David Shanon Gallant

Posted: Sunday, May 25, 2008

Former Juneau resident David Shanon Gallant died March 29, 2008, in Anchorage after a decade-long battle with cancer.

Born in Skagway, she was the daughter of Julia and Harold Gallant. She was raised in Haines and later Juneau, where her traditional Tlingit grandmother, Jenny David, had a hand in her upbringing and gave her the Indian name "Skeek," which she translated as "a bird that flies over the horizon." She was Kaagwaantaan, lukaax.ádi-yadi.

She attended Juneau-Douglas High School before winning a full scholarship in 1965 to the Institute of American Indian Arts in Santa Fe, N.M., where she studied under nationally know artists such as James McGrath and Lloyd New. Her work was included in a Department of Interior show that toured Europe and her first painting sold for $1,500, but on graduation she was hesitant to attend college.

Finally, refusing funding from the Bureau of Indian Affairs and her father, she signed on with professor Ron Senungetuk at the University of Alaska in Fairbanks, driving a school bus to pay expenses. Sensitive about semantics, Senungetuk made the point that he was first an artist and then an Eskimo, and she followed his lead, experimenting with modern art media and techniques, as well as traditional concepts.

Later transferring to Rhode Island School of Design, she came under the influence of western artists such as John Battenberg and Harry Powers, experimented with California concepts and focused on metal sculpture. Then, with a bachelor of arts in hand, she studied for 18 months in Rome, South America and Mexico, producing 150 pieces of art.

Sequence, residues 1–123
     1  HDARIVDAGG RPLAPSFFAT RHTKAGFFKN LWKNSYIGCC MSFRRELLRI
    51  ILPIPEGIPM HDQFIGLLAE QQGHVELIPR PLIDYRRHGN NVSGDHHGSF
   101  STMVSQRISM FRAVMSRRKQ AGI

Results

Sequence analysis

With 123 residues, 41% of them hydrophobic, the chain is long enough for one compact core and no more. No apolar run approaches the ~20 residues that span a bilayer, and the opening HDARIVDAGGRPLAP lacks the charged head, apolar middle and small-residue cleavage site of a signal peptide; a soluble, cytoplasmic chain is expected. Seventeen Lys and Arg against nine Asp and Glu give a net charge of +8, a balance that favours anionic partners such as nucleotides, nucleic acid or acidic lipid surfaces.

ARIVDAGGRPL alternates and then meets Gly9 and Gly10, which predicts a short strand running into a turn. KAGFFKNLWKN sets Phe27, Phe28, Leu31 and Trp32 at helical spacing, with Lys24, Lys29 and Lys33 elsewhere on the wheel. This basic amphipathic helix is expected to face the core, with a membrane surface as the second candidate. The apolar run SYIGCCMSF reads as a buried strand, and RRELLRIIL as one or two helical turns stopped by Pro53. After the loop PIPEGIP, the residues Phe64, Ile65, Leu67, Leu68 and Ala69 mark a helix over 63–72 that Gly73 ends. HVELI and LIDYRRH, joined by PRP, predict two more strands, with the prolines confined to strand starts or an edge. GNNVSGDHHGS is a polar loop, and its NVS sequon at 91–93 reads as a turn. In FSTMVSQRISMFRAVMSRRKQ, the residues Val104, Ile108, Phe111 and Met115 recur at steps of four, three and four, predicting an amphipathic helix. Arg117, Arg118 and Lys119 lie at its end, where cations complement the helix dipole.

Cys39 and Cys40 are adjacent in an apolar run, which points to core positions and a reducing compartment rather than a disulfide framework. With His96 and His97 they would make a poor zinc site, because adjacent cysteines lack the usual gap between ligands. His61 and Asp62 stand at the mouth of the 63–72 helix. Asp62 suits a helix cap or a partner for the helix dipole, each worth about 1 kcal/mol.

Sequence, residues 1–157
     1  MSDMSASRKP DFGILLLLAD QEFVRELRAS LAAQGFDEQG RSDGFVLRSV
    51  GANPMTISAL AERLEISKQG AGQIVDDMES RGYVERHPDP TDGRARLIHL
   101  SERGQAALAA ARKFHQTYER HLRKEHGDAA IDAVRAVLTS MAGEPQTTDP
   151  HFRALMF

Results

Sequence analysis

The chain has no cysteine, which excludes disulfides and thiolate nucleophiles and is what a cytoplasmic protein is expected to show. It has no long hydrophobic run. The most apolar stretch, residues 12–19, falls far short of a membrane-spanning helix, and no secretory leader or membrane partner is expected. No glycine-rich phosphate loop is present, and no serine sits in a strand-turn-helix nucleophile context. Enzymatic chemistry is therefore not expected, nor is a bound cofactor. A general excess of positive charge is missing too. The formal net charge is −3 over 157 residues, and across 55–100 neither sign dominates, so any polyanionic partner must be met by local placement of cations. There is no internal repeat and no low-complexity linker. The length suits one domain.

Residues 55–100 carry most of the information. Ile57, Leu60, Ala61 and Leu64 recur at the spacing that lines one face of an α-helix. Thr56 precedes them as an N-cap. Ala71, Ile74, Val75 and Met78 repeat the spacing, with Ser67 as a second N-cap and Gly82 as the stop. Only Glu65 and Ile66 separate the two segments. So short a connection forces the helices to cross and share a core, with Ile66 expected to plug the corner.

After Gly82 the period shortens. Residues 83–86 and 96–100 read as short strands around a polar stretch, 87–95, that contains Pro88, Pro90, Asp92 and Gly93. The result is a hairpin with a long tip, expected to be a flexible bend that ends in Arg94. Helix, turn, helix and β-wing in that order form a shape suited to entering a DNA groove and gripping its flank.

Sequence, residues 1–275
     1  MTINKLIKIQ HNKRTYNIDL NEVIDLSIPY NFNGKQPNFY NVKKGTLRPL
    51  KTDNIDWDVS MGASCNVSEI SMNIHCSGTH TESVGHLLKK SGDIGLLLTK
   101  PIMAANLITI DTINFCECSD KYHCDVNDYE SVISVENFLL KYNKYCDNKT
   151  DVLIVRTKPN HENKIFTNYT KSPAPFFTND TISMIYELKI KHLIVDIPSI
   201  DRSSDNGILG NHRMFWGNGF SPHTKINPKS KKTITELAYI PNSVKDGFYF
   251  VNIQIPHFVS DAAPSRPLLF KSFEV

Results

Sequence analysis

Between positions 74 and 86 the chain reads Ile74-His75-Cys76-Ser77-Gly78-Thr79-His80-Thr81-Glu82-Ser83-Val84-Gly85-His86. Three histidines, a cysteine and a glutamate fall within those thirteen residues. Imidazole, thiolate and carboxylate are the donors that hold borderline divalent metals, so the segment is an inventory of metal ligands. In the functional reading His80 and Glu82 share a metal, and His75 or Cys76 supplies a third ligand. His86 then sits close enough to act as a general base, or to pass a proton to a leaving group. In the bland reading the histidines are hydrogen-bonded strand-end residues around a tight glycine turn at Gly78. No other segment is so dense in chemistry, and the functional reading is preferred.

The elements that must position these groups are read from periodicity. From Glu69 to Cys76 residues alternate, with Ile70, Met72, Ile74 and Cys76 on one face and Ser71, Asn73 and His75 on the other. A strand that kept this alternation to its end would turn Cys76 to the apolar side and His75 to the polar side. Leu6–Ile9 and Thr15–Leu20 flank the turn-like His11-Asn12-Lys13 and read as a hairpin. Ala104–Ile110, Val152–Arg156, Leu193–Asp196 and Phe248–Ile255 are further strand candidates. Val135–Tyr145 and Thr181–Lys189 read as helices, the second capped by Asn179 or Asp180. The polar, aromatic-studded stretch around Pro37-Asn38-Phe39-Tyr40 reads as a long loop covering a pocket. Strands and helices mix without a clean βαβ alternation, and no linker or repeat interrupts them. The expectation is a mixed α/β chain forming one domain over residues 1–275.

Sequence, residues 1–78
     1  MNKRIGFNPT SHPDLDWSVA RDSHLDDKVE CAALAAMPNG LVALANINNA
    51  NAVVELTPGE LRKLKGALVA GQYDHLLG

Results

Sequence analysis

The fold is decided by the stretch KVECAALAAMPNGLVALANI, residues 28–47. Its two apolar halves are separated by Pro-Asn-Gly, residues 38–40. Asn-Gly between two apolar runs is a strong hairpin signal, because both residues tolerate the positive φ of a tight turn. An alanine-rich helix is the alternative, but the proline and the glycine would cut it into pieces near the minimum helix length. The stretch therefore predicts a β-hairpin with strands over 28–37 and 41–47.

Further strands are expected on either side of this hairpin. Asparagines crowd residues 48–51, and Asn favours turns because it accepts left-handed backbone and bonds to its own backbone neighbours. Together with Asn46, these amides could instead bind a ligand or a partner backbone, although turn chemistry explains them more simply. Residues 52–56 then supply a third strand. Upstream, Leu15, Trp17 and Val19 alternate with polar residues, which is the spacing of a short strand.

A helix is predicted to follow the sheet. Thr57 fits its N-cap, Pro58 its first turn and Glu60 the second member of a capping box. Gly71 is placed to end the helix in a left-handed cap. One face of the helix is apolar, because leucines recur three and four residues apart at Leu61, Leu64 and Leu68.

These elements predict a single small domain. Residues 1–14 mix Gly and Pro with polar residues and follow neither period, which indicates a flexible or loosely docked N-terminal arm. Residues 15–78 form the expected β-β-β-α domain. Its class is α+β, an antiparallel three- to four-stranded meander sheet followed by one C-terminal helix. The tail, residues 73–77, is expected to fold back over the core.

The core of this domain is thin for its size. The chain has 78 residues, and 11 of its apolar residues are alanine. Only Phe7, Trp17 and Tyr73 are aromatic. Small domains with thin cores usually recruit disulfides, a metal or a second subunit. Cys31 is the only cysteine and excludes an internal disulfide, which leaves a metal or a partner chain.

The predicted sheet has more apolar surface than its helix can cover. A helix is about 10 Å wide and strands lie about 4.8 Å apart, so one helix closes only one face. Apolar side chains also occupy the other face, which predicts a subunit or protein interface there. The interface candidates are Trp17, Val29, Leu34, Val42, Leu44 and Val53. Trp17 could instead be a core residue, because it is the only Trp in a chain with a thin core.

The resulting show - a barrier-breaking collection of metal sculpture, oil paintings, wood carvings and Plexiglas - got mixed reviews. To the artist's delight, it also got her work featured by the "Alaska Journal: History and Arts of the North" (Summer 1976) in a cover story titled "The Outrageous Gallant."

Still much influenced by western artists, she went on to study at San Jose State, took a hiatus of a few years as a landscape gardener in San Francisco, and then got her master's in art from University of California at Monterey Bay. Somewhere along the way, she officially adopted her grandmother's last name as her first, and turned her back on traditional art forms. She had been working in computer graphics and Web design ever since.

Her avocations included cooking to entertain, hiking, reading everything she could get her hands on and coaching computer-challenged friends who sought help. In addition, she tutored fledgling artists interested in her field.

An art scholarship is being established in her name at University of Alaska Fairbanks.

She is survived by her sister, A. Lee Liberté, of Juneau.

A celebration in her honor is being planned. For information, contact Lael Morgan at laelmorgan@cs.com.

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